As other interviewed guests like journalist/filmmaker Cameron Crowe point out this kind of artistic independence took on more meaning from the fact that Ronstadt was a woman. It’s easy to forget now how rock n’ roll and pop were very much a man’s game well into the late 60s. Before Madonna or Debbie Harry, Ronstadt was claiming ground on her own terms. She was one of the first female artists to appear on the cover of Rolling Stone, with a photo shoot that celebrated her femininity and refused to cater to the denim-rebel look typical of male artists. She never married and former bandmate and boyfriend JD Souther admits he can’t even recall why they broke up. The documentary briefly touches on her famous relationship with California governor Jerry Brown, only sharing in detail the anecdote of the governor walking in on the superstar changing an eight-track at a Mexican restaurant. Apparently for Jerry it was love at first sight. Brown himself never appears and Ronstadt barely comments on that life chapter. She allows another interviewee to suggest it couldn’t work out because a politician needs an ever present wife, not a traveling singer.
“The Sound of My Voice” rushes through all this information with the tone of a quick-digestion recap. Anything scandalous or dark about Ronstadt is left locked away. Major industry figures like David Geffen offer the usual lines of praise for how groundbreaking and impressive Ronstadt has always been. If there is ever a more somber note is when she admits to the loneliness of fame, and how even a beautiful home by the ocean loses its appeal if there’s no one to share it with. Her talent and beauty left impressions all around, but she would always rise and rise on her own. Fellow artists like Aaron Neville, with whom Ronstadt recorded a lush album of duets, speak of her with lingering awe. Early bandmates she put together would leave to form equally legendary bands like The Eagles. This was a singer who defined the word influential.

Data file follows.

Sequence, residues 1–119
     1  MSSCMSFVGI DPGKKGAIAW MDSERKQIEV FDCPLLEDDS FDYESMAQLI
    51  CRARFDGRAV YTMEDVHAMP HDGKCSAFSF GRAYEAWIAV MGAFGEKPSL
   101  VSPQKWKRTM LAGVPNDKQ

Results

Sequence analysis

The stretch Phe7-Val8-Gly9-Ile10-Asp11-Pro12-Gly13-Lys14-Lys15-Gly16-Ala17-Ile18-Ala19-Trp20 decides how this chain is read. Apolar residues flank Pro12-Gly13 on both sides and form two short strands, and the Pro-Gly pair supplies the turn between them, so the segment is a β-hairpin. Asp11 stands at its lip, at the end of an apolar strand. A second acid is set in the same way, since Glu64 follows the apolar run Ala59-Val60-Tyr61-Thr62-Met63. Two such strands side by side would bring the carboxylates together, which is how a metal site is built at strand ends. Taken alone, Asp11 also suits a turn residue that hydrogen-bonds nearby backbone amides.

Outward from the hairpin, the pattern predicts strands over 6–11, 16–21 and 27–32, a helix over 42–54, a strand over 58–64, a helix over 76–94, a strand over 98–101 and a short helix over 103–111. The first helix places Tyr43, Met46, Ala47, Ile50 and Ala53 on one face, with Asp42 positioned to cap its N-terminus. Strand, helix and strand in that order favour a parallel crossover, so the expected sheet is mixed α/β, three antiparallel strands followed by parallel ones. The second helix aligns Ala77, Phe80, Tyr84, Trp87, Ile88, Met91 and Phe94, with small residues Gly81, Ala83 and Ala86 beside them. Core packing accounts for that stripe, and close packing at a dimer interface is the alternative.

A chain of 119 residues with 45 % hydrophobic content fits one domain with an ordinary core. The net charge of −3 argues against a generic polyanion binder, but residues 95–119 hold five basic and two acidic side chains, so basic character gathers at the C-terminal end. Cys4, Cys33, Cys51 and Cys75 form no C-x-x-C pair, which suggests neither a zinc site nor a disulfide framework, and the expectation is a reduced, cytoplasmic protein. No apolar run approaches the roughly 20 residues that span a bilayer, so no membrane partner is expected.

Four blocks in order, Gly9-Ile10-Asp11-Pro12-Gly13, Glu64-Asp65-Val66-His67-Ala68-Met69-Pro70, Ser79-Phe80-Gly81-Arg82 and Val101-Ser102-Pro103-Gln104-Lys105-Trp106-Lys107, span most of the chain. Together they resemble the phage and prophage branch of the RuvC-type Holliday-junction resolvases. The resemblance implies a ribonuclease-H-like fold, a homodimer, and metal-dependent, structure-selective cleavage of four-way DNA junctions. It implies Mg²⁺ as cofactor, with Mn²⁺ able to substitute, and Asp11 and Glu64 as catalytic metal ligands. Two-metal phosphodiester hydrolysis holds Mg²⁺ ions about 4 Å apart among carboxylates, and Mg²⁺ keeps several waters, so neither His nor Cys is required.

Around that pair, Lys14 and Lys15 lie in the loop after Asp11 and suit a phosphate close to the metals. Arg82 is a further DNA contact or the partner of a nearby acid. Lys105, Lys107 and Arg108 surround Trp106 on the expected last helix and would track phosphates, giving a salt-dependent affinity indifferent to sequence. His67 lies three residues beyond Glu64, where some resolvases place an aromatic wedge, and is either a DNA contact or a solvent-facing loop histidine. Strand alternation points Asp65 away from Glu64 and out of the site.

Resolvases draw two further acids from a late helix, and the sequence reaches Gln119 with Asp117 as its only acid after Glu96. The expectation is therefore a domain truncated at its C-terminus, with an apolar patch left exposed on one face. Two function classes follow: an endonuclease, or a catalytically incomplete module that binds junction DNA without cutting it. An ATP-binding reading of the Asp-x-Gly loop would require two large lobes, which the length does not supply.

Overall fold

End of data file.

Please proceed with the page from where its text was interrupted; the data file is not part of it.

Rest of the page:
The most striking moment of the documentary is the ending. Those who remember the 60s and 80s might also be astounded to see how Ronstadt looks today, still beautiful but slowed down by Parkinson’s. Voice quivering, she sings a Mexican ballad at home with her nephew, who is also a musician. Even now she’ll stop to correct bad phrasing. Had “The Sound of My Voice” spent more time with Ronstadt in the present, now living a quiet, isolated life in the Arizona desert, it could have had some of the power of the recent David Crosby documentary “Remember My Name,” which was unique in its raw, contemplative honesty.
Yet for fans of Ronstadt this is a fun trip down memory lane, even if little new information is shared, while for the uninitiated this is a decent biography of that singer your parents sung along to in the car.
“Linda Ronstadt: The Sound of My Voice” opens Sept. 6 in select theaters.